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YU Yixin1,2, TANG Liangjie1,2, YANG Wenjing3, CHEN Shuping1,4, PENG Gengxin3 and LEI Ganglin3(1. Key Laboratory for Hydrocarbon Accumulation Mechanism of Education Ministry, China University of Petroleum, Beijing 102249, China; 2. Basin and Reservoir Research Center, China University of Petroleum, Beijing 102249,China; 3. Research Institute of Petroleum Exploration and Development of Tarim Oilfield, Korla, Xinjiang 841000,China; 4. Department of Earth Science, China University of Petroleum, Beijing 102249, China)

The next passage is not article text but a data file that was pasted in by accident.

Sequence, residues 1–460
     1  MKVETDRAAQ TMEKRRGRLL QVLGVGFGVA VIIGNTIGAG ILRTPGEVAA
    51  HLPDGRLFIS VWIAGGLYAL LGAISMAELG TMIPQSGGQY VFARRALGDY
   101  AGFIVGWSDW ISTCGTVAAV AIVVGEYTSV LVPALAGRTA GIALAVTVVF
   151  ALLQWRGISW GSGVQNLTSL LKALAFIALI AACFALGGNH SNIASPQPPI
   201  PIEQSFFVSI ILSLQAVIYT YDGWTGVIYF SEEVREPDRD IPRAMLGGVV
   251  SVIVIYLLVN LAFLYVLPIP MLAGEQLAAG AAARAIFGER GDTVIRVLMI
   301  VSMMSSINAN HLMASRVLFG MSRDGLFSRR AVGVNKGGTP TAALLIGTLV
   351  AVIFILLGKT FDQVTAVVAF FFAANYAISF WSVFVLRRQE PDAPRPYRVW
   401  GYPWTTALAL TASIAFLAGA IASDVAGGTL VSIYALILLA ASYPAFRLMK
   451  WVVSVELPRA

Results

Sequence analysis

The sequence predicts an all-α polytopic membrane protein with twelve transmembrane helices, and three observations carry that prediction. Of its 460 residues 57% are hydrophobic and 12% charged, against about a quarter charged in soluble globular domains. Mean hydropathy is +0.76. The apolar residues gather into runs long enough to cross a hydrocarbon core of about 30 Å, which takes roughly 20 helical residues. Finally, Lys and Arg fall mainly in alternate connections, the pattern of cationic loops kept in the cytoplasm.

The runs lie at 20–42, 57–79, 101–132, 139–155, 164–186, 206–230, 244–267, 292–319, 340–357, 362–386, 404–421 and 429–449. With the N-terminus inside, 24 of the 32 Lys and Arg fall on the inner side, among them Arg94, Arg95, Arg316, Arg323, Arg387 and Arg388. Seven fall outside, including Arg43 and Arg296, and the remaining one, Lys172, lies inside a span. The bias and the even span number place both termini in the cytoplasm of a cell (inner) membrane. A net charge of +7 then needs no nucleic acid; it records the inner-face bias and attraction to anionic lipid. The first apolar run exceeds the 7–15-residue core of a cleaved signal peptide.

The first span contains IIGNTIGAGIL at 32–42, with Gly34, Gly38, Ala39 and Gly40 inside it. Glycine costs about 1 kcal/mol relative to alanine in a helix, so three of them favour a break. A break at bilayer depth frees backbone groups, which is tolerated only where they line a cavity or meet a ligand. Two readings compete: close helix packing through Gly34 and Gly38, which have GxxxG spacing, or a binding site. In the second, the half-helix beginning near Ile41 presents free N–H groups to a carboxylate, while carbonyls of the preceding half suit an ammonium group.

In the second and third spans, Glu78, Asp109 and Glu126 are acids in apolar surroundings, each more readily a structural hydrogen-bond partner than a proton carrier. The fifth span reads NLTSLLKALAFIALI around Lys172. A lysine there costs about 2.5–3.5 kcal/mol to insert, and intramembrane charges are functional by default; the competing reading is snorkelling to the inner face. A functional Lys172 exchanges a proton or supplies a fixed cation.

Comprehensive data from field observations, drilling wells and seismic profiles have demonstrated that the Paleogene Kumugeliemu Fm. and Neogene Jidike Fm. attain thick halite layers in the Kuqa depression of the northern Tarim basin, NW China. Driven by the buoyancy, gravity spreading, differential loading and compressional stresses, the salt bodies experienced viscous flowage, resulting in spatial distribution features for the circum-Baicheng sag and thickening in the Kelasu and Qiulitage structural belts with the maximum thickness of 4000m. The viscous flow of salt sequences influenced the structural distortion of the halite layers and overburden. Consequently, many salt-related structures, such as salt pillows, salt walls, salt nappes, fish-tails, salt welds (fault welds), salt stacks, pop-ups and salt-withdrawal sags, have developed well in the Kuqa depression. The salt-related structures had exerted important influence on the hydrocarbon migration and accumulations. The structural and subtle traps induced by the salt structures offered abundant favorable space for hydrocarbon accumulation, the faults acted as the favorable pathways for hydrocarbon migration and the thick halite layers served as good regional seals for hydrocarbon preservation. The forming models of hydrocarbon accumulation are different in the sub-salt, salt and supra-salt in the Kuqa depression. The integrated analysis shows that the favorable exploration objectives include the sub-salt anticlinal traps, footwall fault traps sealed by reverse faults, stratigraphic-lithologic traps, mid-salt structural-stratigraphic traps and supra-salt anticlinal traps.
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